`` Negroland And Fun Home `` By Margo Jefferson And Alison Bechdel

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In Negroland and Fun Home, Margo Jefferson and Alison Bechdel both view their individual lives and identities as interacting with history. However, their perceptions of history differ vastly in that Jefferson identifies herself as both a spectator and player in a giant game of sociocultural history, while Bechdel perceives national history as a tape reeling alongside her life, shaping her worldview but serving as a backdrop amidst her individual life. In Negroland, Jefferson relates to and traces the sociocultural and racial history of Negroes that has shaped her niche in modern society and drastically changed her expectations and perspectives. In contrast, Bechdel does not explicitly cite history as an influential force but rather hints…show more content…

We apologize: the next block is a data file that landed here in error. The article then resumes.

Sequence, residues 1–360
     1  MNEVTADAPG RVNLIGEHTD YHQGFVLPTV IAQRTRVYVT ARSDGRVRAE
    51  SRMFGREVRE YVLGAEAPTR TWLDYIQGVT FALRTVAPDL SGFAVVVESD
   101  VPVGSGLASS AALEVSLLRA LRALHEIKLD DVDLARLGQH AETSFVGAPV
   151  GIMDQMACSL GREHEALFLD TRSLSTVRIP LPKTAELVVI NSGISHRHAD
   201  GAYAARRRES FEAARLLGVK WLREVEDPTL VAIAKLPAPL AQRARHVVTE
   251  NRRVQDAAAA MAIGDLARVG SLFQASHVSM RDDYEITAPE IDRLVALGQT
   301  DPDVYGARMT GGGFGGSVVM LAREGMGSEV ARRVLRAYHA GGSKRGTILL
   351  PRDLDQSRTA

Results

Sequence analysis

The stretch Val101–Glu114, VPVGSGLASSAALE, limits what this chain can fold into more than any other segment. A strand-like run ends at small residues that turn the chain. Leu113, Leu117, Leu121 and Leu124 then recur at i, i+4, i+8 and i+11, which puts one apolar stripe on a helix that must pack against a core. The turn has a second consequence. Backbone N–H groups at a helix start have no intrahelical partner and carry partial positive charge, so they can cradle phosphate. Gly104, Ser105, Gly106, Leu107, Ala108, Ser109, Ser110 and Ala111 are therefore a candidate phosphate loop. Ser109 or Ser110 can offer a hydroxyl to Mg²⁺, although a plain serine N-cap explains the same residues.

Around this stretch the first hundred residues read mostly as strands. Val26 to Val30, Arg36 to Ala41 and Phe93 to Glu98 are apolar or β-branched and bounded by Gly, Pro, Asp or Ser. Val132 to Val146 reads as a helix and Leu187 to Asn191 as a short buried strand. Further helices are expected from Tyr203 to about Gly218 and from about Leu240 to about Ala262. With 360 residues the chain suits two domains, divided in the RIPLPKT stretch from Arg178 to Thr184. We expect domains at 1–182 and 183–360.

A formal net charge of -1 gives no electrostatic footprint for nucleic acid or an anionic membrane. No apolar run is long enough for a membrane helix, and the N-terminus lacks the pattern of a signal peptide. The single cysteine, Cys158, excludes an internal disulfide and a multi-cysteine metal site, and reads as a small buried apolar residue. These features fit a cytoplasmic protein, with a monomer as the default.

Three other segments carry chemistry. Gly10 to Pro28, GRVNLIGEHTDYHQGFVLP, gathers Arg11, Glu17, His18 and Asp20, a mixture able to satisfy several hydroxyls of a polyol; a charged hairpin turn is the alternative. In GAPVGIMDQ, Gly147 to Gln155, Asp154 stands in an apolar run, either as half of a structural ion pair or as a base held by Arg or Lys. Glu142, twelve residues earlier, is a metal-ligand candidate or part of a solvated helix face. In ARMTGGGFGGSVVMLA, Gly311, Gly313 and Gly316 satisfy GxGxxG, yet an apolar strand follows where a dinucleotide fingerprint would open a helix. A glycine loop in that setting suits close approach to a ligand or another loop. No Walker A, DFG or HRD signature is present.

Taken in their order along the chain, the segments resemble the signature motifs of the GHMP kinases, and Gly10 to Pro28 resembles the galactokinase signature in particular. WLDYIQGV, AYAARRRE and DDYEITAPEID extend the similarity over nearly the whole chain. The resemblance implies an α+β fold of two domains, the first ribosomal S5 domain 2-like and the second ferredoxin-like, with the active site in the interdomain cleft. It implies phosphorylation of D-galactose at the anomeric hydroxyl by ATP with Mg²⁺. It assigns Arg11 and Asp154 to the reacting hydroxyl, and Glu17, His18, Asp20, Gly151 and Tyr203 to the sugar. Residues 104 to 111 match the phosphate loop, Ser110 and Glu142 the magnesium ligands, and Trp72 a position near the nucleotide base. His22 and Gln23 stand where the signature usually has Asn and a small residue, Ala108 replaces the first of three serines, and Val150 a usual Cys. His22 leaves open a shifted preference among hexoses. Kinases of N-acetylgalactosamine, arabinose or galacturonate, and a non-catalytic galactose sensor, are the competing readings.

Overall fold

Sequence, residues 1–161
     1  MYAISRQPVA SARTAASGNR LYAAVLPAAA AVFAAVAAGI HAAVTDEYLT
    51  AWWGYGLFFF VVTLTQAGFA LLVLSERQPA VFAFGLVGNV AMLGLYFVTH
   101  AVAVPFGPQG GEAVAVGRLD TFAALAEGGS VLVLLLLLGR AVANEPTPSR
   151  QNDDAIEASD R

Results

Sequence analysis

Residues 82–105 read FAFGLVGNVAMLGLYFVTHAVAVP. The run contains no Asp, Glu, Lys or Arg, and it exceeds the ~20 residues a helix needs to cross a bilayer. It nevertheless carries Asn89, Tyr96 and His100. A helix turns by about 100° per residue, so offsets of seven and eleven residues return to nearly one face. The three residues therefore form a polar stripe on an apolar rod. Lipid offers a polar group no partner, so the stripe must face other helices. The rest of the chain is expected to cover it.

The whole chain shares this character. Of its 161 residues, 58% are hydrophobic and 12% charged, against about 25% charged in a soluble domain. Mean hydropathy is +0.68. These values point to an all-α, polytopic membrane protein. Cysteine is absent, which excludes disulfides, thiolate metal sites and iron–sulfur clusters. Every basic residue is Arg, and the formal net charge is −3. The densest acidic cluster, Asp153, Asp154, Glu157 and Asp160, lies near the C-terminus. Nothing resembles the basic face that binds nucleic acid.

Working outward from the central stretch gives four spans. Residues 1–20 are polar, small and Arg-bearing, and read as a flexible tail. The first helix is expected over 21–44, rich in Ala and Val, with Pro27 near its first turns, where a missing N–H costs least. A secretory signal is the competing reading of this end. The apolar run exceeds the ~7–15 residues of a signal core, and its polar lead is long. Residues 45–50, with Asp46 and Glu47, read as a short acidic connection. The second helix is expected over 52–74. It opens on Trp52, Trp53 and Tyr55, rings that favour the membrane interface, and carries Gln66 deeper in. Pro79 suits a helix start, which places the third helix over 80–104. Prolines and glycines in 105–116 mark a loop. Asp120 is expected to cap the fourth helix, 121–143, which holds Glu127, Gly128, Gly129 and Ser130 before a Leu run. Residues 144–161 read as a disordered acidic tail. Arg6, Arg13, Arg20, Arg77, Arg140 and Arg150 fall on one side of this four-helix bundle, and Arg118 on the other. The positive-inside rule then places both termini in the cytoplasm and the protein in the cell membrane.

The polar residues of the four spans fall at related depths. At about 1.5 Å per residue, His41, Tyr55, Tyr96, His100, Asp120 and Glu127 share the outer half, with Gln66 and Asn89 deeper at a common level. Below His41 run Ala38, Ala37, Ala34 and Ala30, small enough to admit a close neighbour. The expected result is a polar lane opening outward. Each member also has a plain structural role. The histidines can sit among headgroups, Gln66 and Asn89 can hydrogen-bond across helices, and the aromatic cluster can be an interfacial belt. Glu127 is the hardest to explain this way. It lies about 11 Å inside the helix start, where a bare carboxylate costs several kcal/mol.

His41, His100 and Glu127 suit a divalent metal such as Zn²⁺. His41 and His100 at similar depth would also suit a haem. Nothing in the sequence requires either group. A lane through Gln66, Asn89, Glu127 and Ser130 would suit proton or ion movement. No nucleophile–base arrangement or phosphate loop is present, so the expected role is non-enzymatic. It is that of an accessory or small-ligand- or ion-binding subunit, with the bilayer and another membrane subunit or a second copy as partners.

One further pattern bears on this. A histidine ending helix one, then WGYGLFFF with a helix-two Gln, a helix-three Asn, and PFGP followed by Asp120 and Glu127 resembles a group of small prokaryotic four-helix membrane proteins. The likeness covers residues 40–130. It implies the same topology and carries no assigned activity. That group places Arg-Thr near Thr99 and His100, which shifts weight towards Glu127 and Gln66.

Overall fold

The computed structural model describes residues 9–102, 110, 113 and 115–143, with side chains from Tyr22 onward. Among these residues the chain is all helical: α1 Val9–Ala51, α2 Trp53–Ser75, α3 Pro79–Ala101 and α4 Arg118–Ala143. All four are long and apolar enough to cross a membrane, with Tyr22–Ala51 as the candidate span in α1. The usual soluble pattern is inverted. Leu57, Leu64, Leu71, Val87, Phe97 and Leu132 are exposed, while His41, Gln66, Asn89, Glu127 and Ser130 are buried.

Thus, expectations and conventions are imposed upon members of Negroland, such as Jefferson, so that they embody the privileges that arose over time from a complex and dynamic social hierarchy. For Jefferson, personal and racial histories are heavily interconnected, as denoted when she makes references to various historical and familial figures. Tracing the evolution of this hierarchy through the ages from the Civil War up to the present, Jefferson cites a fellow chronicler of Negroland, Anna Julia Cooper, the daughter of a slave and a slaveholder, a “Black Woman of the South” who criticizes the “masculinist” need to dominate domestically, nationally, and internationally; Cooper’s collective voice for the oppressed parallels Jefferson’s personal concern with race, gender, and class. However, Jefferson also emphasizes the collective Du Boisian “double consciousness” that Negroes in the Talented Tenth and in Negroland must face, thinking about “Them as Us,” forced to dismiss aspirations and professional duties and accept those in lower strata as equals (Jefferson 34). Jefferson undergoes a double consciousness of her own in her childhood as well, when she is forced to conform to expectations due to her status as an upper-class Negro, expectations which force her “to be ambushed by insult and humiliation” even though these expectations are set to prevent errors and

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